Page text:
In my novel Time Is Gold, Maxi is an elite marathon runner who controls her performance time to improve. She learns to use the technique ‘flow’ helped by her partner Jack, a physics PhD, who researches time dilation in ‘extreme flow’, according to Einstein’s Theory of Special Relativity. Her intense training raises her neural transmission speed near to the speed limit, causing her time to dilate, by analogy with travel in space.
Her willpower and physical ability are strengthened by practice and she gets more running done in longer seconds. Maxi’s training is epistemological, based on self-coaching. Her preparation for races is advised by her entourage of experts in psychology, neuroscience, philosophy and Zen. Maxi’s winning performances on the international marathon competition circuit cause jealousy and she is falsely accused of taking performance enhancing substances.
Many performers in time stop improving when they reach glass ceilings set by others’ time agendas. If their performance time is referred instead to times they have experienced in practice, they can feel their way to improvement.
The book is on Amazon and chronicles Maxi’s running career and results in competition.
See reviews at martinknox.com
Maxi’s story is a novel about a marathon runner who uses science to contest the Olympics. She competes on the international marathon circuit with elite women, steadily improving her performance time. Her training regimen is inspired by her ascetic faith in ‘extreme flow’ to hone her skills to automaticity and stretch time to achieve her performance goal. She learns by self-coaching to centre herself with Zen and flow’s timelessness. Maxi learns to control her performance time and is not held below any performance ceilings set by coaches, competitors or records. Guided by her team of experts, she explores her endurance to stay inside the edge of bonking, when her muscles would be functionally depleted of glycogen.
Her boyfriend Jack is a physics PhD who encourages her, explaining to her scientific techniques she can use to improve. Extreme flow requires full mental engagement, to achieve neural impulse speeds close to the maximum electro-magnetic speed in the neural medium’s faster time framework, causing her time to dilate as explained by Einstein’s special relativity.
When she travels to contest championships, Jack and her retinue of specialists attend to her physical, nutritive and social needs and to her business interests. Maxi is fun-loving and enjoys time out from her training schedule and social activities. She seldom self-indulges, because her goal is to succeed in the marathon and it is always before her.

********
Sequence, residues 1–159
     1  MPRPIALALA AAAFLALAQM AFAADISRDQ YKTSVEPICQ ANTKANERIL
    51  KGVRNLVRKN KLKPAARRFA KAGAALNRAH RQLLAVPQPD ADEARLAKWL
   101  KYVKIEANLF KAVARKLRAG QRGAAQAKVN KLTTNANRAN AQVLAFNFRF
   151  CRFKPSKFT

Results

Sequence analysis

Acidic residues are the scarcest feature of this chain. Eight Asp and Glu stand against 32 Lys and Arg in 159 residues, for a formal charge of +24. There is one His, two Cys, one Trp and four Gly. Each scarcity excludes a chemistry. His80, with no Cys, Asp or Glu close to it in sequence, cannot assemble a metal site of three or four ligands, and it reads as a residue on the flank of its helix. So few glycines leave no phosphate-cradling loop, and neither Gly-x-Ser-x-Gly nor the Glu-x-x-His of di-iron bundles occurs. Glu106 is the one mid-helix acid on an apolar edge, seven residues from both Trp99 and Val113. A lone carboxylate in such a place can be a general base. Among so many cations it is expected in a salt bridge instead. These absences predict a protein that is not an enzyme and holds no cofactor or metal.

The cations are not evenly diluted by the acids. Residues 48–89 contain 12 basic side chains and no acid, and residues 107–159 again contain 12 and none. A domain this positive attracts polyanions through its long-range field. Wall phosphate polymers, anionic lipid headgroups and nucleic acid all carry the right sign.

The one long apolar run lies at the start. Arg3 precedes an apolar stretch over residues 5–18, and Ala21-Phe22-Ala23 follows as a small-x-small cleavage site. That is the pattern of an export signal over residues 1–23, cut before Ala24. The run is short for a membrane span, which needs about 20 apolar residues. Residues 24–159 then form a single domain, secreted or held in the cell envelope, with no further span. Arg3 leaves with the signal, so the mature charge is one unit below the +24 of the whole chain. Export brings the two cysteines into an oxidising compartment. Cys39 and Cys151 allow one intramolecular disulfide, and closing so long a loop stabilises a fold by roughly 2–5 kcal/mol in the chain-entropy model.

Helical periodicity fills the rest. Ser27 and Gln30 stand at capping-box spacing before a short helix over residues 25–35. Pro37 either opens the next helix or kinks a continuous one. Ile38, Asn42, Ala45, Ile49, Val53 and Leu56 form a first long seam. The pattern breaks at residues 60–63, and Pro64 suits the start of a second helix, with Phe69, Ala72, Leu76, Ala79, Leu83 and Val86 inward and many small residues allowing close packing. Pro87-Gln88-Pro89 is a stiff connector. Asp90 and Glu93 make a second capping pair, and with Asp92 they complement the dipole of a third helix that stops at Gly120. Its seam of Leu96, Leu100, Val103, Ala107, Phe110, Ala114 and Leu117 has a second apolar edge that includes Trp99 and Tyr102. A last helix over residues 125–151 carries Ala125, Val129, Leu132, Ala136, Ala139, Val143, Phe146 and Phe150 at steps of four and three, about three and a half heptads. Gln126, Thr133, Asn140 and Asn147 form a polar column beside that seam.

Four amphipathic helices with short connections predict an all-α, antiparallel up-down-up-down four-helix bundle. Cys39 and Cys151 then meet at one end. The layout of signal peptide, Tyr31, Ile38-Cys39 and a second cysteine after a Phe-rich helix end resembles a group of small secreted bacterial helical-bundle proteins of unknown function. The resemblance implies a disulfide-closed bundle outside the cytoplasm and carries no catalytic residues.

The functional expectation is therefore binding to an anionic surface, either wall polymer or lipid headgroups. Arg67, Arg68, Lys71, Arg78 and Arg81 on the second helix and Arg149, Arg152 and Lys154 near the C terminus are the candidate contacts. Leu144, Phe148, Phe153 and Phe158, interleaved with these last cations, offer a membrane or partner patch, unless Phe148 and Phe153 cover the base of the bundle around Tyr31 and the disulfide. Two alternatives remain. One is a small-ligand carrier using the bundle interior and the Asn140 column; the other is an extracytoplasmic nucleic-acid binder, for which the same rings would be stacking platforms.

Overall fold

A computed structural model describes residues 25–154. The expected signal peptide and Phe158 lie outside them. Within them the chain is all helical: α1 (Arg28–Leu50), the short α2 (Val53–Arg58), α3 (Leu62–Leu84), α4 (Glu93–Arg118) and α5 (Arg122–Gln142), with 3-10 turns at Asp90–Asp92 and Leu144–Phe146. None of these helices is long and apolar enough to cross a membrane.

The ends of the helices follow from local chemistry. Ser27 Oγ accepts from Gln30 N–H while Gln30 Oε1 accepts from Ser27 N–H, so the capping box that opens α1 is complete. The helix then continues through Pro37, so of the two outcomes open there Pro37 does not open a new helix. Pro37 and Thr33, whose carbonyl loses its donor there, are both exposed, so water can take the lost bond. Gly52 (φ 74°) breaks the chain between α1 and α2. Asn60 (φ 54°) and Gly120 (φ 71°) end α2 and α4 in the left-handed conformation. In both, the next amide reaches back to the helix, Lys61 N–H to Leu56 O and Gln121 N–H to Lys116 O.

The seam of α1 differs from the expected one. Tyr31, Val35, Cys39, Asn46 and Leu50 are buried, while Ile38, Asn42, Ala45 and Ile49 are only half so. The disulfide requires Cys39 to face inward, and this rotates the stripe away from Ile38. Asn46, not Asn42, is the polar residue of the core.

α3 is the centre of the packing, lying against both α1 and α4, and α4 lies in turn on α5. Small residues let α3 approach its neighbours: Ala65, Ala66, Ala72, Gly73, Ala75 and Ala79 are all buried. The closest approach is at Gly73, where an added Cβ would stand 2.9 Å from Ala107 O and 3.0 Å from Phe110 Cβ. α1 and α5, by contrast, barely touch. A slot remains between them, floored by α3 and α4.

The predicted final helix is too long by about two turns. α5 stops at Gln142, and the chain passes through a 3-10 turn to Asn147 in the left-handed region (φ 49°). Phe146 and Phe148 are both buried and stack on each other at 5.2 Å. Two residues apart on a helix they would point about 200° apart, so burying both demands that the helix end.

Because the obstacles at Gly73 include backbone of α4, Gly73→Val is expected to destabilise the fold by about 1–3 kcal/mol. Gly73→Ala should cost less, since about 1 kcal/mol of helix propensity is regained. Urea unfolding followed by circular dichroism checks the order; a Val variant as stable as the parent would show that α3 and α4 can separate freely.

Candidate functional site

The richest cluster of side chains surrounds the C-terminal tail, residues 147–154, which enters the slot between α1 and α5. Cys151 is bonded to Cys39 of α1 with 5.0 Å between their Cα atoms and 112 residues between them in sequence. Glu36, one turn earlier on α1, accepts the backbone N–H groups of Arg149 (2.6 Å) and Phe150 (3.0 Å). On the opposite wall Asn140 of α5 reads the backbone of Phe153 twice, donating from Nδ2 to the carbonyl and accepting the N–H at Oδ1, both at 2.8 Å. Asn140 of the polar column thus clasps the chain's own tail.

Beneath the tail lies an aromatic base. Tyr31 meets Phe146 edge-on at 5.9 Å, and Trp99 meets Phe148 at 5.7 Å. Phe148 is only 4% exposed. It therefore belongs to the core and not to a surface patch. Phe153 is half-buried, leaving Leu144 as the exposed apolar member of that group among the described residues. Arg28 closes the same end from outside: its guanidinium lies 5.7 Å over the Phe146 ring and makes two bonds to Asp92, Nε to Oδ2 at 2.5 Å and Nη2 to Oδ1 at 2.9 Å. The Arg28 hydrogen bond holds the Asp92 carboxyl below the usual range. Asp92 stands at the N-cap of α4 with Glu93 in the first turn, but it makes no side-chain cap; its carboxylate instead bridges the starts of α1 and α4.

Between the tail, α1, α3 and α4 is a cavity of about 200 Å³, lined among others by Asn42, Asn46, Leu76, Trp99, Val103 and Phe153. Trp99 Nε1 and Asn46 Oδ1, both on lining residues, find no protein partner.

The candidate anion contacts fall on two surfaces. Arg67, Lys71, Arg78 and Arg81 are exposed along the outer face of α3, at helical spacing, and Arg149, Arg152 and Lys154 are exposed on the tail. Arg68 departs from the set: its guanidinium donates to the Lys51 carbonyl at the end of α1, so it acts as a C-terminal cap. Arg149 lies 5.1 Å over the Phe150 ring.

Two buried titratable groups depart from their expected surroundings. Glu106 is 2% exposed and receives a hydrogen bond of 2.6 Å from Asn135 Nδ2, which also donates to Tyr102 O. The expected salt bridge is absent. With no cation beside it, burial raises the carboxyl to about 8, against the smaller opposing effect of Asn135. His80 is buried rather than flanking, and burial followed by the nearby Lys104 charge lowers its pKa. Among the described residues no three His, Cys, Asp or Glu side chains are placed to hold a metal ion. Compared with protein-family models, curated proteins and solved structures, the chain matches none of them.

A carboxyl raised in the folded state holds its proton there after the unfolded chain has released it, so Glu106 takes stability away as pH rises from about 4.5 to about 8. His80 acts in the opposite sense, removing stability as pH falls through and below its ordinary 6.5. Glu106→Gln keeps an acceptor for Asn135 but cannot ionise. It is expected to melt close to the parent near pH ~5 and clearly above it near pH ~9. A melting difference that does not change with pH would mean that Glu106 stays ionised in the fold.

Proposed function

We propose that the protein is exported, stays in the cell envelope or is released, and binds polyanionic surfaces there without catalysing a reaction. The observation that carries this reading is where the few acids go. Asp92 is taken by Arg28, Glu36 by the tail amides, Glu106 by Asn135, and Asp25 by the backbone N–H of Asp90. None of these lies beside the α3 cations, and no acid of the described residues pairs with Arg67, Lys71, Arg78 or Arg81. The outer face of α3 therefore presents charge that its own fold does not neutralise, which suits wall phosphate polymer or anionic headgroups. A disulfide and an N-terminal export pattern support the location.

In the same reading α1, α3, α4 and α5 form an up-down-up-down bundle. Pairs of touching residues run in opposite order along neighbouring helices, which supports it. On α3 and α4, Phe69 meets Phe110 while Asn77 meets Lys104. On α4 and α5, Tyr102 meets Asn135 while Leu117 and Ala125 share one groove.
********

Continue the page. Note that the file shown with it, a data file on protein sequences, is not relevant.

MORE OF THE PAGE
This is a story of athletic achievement by serious training in physiological, psychological, metaphysical and Zen disciplines. Jack helps her, explaining several techniques, but she is the one who controls her training. Will she win at the coming Olympic Games? Will her relationship with Jack survive if she does? What if she doesn’t?
Time is Gold is an exciting science fiction story of a woman’s bid for fame. Martin Knox has authored six novels in various genres. He is an engineer and science teacher with an abiding interest in philosophy and explaining complex ideas simply, who in this book describes the phenomenon of performer endurance, for practical application.
The book is available on Amazon. For reviews see martinknox.com
Einstein’s theory of Special Relativity explained how, in a faster timeframe, an object nearing the speed of light takes less time. The objects he considered were spacecraft containing astronauts, whose time would dilate compared with others who were relatively stationary.
I have assumed that Special Relativity could apply in contexts other than space, with speeding objects limited at rates derivative of the speed of light in media other than vacuums.
By analogy, impulses travelling in neural pathways nearing the limiting speed of electromagnetic radiation, would dilate time compared with slower neural signals such as reactions to stimuli. When neural impulses occur within the long pathways of the brain near limiting speed, performance could take less time compared to others in a slower timeframe. They would take fewer longer seconds, seeming to be faster.
It is hypothesised that an athlete could improve her running performance by training to increase both her cognitive and unconscious brain speeds, at the same time developing strength to run faster.
Causal effectiveness of this proposal cannot be observed in a functioning brain and therefore empirical validity is lacking. Effectiveness of brain training can be compared in running competition. Anecdotal evidence from runners experiencing ‘flow’ is congruent. Timelessness and time dilation may be aspects of the same phenomenon.
My novel Time Is Gold is a story about a successful runner and the philosophy of her training. Reviews see martinknox.com
When Maxi Fleet, a marathon runner, meets Jack Cram, a physicist researching flow, their careers blossom and they become partners. Their story is told in a novel Time Is Gold by Martin Knox. Maxi trains using flow, or ‘in the zone’ and her performance improves to the elite level. Her goal is to run faster than any woman has run before.
Jack has an idea that if she trains to run in ‘extreme flow’ she can dilate her time, being able to run further in the same time, according to Einstein’s Special Relativity theory. Her training is planned at meetings of her team of friends, in a think tank, with Jack as her philosophical coach. Her coaching needs develop from accepting her father’s authoritarianism to Jack’s role as her technical adviser. He is too much in love to be able to tell her what to do. The philosophies and scientific theories of her running are carefully described and explained in non-scientific language. Her progress is fresh and inspiring.
Will Maxi achieve her goal and break the World record?
On Amazon. Reviews see martinknox.com